Tar Heel Dead: Tales of Mystery and Mayhem from North Carolina

Tar Heel Dead: Tales of Mystery and Mayhem from North Carolina

by Sarah R. Shaber, Margaret Maron

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From O. Henry to Lilian Jackson Braun, North Carolina has nurtured some of the world's best-known mystery writers. This unique collection of mystery short stories showcases some of North Carolina's best writing talent from the past and the present—some famous, some less well known. Some of the mysteries are by authors who have earned solid reputations in other


From O. Henry to Lilian Jackson Braun, North Carolina has nurtured some of the world's best-known mystery writers. This unique collection of mystery short stories showcases some of North Carolina's best writing talent from the past and the present—some famous, some less well known. Some of the mysteries are by authors who have earned solid reputations in other genres, such as Orson Scott Card and William Brittain, but as their stories here demonstrate, their talent embraces the mysterious.

The stories in this collection are as diverse as the "detectives" they feature: the Native American policeman who solves his first case on the reservation; a Siamese cat with an intuitive affection for his paraplegic neighbor; an attentive convenience store owner; and a thirty-year-old computer whiz whose body stopped growing when he was nine. They solve crimes, locate treasures, and uncover deceit in a range of tales that reflects the breadth of the genre. With stories to delight mystery devotees and fans of all good writing, this anthology highlights one of the most vibrant and popular elements of North Carolina's literary legacy.

Nancy Bartholomew, Greensboro, N.C.
Lilian Jackson Braun, Tryon, N.C.
William E. Brittain, Asheville, N.C.
Lisa Cantrell, Madison, N.C.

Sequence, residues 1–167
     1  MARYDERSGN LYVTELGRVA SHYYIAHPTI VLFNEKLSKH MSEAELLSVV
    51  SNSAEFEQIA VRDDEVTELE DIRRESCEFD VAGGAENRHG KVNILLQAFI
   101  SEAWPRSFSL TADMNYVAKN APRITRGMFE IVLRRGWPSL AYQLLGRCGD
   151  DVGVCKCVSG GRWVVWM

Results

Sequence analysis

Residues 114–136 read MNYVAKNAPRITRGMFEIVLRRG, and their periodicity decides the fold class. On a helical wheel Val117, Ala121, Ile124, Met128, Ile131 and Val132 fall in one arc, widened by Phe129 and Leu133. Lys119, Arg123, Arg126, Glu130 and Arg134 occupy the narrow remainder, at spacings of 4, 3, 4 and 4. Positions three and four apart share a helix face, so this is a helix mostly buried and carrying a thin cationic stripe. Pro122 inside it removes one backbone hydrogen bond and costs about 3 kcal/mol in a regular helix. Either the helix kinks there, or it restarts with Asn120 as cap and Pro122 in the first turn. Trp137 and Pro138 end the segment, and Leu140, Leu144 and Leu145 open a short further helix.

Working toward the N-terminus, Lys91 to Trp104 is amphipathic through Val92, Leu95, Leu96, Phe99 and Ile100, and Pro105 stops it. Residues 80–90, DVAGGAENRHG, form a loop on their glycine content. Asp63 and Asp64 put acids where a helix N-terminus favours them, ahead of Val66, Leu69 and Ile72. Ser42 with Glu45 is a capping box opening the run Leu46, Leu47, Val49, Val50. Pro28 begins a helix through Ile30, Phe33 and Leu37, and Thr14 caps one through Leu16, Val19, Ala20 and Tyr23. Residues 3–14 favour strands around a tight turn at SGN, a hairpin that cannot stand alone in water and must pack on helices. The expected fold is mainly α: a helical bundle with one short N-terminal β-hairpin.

Orson Scott Card, Greensboro, N.C.
O. Henry (1862-1910)
Toni L. P. Kelner, Malden, Mass.
Michael Malone, Hillsborough, N.C.
Margaret Maron, Willow Springs, N.C.
Katy Munger, writing as Gallagher Gray, Durham, N.C.
BarbaraNeely, Jamaica Plain, Mass.
Guy Owen (1925-1981)
David B. Sentelle, writing as Clyde Haywood, Washington, D.C.
Sarah R. Shaber, Raleigh, N.C.
Elizabeth Daniels Squire (1926-2001)
Kathy Hogan Trocheck, Raleigh, N.C.
Manly Wade Wellman (1903-1986)
Brenda Witchger, writing as Brynn Bonner, Cary, N.C.

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The University of North Carolina Press
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Tar Heel Dead

Tales of Mystery and Mayhem from North Carolina

The University of North Carolina Press

Copyright © 2005 Sarah R. Shaber
All right reserved.

ISBN: 0-8078-5604-5

Chapter One

Dead in the Water

Nancy Bartholomew

One of the things I hate most about Sunday mornings is opening up the Bait and Tackle Shop for Freddy. On those Sundays when he's out fishing, hoping to finally get good enough to turn pro, I get stuck with the shop. Oh, don't get me wrong, I'd do most anything for Freddy. I saw him through his divorce, didn't I?

After I unlock the door, cut off the alarm, and turn on the lights, it's time to clean out the bait tank. I gotta grab the net and scoop out the floaters who didn't make it through the night.

There they are, bodies distended, eyes glazed over, swirling around the surface. I pick each slimy minnow up and toss it in the trash. The fish stink. Maybe it's fish fear. All those minnows, swimming in a tank, waiting to be used as bait, they gotta be scared. I know, you're saying they can't think like humans. Maybe not, but fish are mighty smart, else they wouldn't be so dang hard to catch. Just look at all the lures and plastic worms we sell. Even with the best equipment, you gotta have technique. Fishing's a skill. So tell me them fish ain't smart.